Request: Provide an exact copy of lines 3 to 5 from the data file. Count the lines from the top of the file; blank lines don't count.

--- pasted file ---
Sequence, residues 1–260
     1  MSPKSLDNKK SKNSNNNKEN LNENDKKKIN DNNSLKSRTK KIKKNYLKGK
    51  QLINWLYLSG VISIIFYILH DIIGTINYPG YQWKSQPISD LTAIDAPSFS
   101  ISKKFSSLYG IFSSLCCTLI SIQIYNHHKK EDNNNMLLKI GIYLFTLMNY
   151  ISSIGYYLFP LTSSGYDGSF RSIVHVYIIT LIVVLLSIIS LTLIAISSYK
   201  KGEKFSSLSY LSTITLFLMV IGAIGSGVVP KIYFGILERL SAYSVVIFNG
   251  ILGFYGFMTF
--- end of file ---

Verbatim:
    51  QLINWLYLSG VISIIFYILH DIIGTINYPG YQWKSQPISD LTAIDAPSFS
   101  ISKKFSSLYG IFSSLCCTLI SIQIYNHHKK EDNNNMLLKI GIYLFTLMNY
   151  ISSIGYYLFP LTSSGYDGSF RSIVHVYIIT LIVVLLSIIS LTLIAISSYK